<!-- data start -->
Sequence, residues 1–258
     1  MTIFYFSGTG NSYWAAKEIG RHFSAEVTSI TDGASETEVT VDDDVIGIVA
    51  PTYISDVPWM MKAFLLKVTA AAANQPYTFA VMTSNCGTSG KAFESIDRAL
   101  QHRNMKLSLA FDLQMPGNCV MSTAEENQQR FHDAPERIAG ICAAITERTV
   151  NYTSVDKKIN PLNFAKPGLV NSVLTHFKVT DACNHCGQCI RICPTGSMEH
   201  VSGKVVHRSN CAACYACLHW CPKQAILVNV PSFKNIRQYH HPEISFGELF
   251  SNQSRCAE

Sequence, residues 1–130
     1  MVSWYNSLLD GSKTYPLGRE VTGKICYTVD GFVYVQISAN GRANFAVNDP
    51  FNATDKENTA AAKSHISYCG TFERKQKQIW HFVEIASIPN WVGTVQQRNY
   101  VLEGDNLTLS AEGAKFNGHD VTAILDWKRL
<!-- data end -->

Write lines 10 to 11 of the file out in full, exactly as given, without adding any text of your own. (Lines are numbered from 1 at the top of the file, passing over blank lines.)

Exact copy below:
    51  FNATDKENTA AAKSHISYCG TFERKQKQIW HFVEIASIPN WVGTVQQRNY
   101  VLEGDNLTLS AEGAKFNGHD VTAILDWKRL